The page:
MEN'S BASKETBALL: CREIGHTON AT DEPAUL
Noon Sunday • Allstate Arena, Rosemont, Illinois Fox Sports 1 • 1620 AMKOZN
It must be the beard, right? Creighton center Zach Hanson laughed heartily when asked if his improved play this season might be tied to the mountain-man facial hair he's sporting.
"I figured since I've kind of have a new me," Hanson said, "I probably should have a new look, too."
The "new me" Hanson was referring to is the change in how he approaches the game. It's helped him replace the struggles he endured as a sophomore last season with productivity on both ends of the court.
The 6-foot-9 Hanson is averaging 7.6 points and 3.3 rebounds in less than 14 minutes of playing time per game as Geoffrey Groselle's backup. Hanson is shooting 66.7 percent from the field and a career-high 72.7 from the free-throw line.
As a sophomore, Hanson averaged 3.8 points and 2.4 rebounds while shooting 54.7 percent from the field and 63.3 percent at the line. What the improvement in his numbers doesn't fully reflect is the confidence Hanson appears to have added to his game.
"His game has matured," coach Greg McDermott said. "He's learned to relax and play through the tough times better."
Hanson's main difficulty last season appeared to be a lack of confidence. He struggled to make even the simplest plays, and the situation snowballed on him as the season progressed.
"He was a sophomore but he didn't play many meaningful minutes his freshman season," McDermott said. "It was his first time through, and you're from Pierre, South Dakota, and your first time through is in the Big East. There were a lot of expectations."
Hanson's individual struggles were compounded by the lack of success Creighton had last season. After three straight trips to the NCAA tournament, the Bluejays finished 14-19. They lost their first eight Big East games and finished tied for last in the regular season.
"There were some internal issues that Zach needed to figure out," McDermott said. "To his credit, he's gotten through them and he's given us a steady effort all season long in spite of his foot issues.
"There is no question he's our best defender in the front line. He is doing a lot of great things this season."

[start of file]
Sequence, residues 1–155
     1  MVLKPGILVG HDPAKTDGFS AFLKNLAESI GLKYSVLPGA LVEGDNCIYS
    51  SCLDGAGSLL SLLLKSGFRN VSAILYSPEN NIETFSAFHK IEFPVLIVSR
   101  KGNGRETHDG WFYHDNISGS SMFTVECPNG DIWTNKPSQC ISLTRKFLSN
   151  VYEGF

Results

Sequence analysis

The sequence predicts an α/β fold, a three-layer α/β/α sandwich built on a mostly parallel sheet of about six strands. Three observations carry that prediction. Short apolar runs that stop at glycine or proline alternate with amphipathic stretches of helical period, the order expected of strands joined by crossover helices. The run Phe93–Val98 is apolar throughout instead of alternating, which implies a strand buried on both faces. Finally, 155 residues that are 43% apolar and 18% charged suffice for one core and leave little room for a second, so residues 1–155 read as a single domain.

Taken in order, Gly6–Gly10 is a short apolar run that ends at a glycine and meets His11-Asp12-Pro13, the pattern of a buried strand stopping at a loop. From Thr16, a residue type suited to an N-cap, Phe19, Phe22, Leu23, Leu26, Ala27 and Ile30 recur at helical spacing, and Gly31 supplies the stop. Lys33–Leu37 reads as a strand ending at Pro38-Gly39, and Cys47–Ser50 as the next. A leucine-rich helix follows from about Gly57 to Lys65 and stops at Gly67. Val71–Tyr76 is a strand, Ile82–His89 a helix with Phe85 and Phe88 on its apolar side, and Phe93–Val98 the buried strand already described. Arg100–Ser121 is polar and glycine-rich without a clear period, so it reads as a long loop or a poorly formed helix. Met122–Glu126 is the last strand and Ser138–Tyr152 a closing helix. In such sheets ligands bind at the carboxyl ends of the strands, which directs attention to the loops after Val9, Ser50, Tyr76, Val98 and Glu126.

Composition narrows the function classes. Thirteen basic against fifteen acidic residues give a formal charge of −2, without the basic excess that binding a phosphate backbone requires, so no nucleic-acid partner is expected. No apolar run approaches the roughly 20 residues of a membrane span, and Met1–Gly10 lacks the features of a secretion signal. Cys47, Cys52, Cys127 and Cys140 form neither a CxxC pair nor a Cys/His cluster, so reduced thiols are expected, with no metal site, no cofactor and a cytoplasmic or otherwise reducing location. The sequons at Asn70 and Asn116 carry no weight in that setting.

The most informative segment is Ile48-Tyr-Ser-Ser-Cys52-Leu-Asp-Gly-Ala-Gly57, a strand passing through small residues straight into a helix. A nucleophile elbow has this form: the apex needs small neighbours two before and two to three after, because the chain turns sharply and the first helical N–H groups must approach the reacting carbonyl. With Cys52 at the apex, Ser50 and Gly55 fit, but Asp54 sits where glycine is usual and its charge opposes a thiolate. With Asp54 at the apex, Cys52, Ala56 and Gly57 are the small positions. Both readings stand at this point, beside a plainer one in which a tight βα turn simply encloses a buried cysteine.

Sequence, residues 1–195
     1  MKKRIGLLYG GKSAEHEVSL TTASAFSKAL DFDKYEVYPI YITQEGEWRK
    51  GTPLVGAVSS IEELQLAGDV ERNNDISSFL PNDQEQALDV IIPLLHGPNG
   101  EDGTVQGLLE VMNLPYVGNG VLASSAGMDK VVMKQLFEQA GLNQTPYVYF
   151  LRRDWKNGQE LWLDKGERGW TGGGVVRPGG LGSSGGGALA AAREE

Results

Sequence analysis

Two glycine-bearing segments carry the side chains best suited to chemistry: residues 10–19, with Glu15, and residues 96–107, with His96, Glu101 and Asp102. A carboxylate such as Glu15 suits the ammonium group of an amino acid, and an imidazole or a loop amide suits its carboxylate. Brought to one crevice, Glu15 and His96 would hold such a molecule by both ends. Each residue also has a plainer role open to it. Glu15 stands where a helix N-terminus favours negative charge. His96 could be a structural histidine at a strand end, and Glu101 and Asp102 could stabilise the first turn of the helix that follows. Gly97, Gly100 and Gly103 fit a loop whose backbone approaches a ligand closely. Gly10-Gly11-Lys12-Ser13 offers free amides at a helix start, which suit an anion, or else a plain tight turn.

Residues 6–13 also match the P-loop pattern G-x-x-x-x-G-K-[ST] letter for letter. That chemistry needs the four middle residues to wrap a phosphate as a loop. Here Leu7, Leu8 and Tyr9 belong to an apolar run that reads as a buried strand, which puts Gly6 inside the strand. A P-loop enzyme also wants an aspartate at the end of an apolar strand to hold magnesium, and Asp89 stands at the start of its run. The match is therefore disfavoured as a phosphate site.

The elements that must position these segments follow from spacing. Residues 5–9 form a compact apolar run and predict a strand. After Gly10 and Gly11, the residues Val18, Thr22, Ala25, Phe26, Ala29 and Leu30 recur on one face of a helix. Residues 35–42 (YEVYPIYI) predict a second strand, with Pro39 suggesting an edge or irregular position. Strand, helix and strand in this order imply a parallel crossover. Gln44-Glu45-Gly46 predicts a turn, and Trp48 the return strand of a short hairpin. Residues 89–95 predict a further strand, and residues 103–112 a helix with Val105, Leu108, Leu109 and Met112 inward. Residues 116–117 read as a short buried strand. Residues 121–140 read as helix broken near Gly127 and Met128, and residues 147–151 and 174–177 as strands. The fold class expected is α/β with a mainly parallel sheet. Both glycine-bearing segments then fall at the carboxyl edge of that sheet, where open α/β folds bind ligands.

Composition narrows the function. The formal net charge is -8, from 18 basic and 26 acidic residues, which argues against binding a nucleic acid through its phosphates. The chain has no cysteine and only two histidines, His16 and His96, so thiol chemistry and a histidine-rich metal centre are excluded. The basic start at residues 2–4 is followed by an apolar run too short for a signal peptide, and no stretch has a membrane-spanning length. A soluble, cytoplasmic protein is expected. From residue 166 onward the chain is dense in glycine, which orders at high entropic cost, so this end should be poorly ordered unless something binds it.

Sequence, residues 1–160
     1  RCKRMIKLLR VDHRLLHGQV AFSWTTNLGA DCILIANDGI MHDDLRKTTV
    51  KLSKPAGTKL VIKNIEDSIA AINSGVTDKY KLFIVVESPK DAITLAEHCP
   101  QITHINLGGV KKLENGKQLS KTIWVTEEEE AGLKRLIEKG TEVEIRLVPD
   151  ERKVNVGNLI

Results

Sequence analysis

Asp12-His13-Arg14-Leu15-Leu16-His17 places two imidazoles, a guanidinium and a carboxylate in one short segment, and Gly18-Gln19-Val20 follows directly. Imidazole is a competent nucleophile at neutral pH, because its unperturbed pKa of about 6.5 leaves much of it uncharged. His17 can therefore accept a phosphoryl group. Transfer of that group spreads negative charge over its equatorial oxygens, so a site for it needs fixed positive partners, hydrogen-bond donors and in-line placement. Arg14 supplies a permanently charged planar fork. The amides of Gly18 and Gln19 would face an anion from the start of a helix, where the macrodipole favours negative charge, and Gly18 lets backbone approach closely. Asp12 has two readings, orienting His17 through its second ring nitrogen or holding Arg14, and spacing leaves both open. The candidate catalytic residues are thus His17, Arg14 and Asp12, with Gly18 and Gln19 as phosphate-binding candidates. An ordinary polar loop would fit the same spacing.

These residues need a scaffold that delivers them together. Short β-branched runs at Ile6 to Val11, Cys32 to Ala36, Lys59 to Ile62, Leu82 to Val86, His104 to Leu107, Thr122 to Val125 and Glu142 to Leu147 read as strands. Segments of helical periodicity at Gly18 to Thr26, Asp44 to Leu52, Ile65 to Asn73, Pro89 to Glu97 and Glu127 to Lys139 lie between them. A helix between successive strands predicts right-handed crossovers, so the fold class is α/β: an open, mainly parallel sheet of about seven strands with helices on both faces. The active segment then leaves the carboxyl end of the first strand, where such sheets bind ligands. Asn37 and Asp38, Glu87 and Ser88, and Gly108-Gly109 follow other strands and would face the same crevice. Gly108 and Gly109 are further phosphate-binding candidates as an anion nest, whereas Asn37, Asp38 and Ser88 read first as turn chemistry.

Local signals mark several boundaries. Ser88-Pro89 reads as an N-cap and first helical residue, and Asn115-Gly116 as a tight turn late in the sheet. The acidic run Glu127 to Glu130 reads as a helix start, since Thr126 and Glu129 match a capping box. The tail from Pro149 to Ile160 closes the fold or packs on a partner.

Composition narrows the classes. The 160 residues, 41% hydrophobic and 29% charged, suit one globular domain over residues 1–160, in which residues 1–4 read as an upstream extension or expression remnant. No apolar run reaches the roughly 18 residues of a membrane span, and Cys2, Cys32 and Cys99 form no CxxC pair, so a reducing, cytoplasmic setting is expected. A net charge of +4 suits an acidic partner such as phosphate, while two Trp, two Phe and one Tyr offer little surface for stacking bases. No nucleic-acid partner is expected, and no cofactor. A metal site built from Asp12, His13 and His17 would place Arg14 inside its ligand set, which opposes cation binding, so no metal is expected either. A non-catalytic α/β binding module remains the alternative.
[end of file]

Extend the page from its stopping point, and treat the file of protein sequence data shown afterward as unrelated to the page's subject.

And he's having fun doing it. Reflecting on his sophomore year during the offseason, Hanson realized something was lacking.
"I take the game seriously, but at the end of the day, you have to have a lot of fun doing what you're doing," Hanson said. "I tell myself every day, whether it's before a practice or a game, that I'm going to play as hard as I can.
"At the same time, I'm going to have as much as fun as I can.
That's been big for me."
Hanson also cites maturity for his transformation. Last season, Creighton divided playing time in the middle among three players. The graduation of Will Artino left Groselle and Hanson as the Bluejays' options.
"I know my role," Hanson said. "I know what I have to do and I'm just going out there and playing my butt off and having some fun. It's been working for me.
"I think I have a better sense of perspective on everything. We all understand we play on a big stage and there are a lot of people that love Creighton basketball. We want to win and we want to win for those fans. With that being said, you have to have fun at what you're doing. I think I've found a good balance at that."
Hanson's teammates have noticed the change.
"He's just relaxing and going out and playing," guard Isaiah Zierden said. "He's given us a bunch of games where he's given us a big lift off the bench.
"Last year, I think he was putting so much pressure on himself, feeling he had to do this or do that to get minutes and be productive. This summer everyone just tried to talk to him about letting it go and just playing and staying the moment. I think he's done a good job of it."
Hanson's productivity has come despite a foot injury he suffered in preseason practice. McDermott said Hanson struggled with the injury early in the season.
"The reality of it is that it's not going to get any better without a lot of rest," McDermott said. "Once Zach understood that I understand that he's at 80 percent and that's all we're going to have, he quit worrying about it.
"It really hasn't been an issue the last six weeks. He's found a way to really work through it."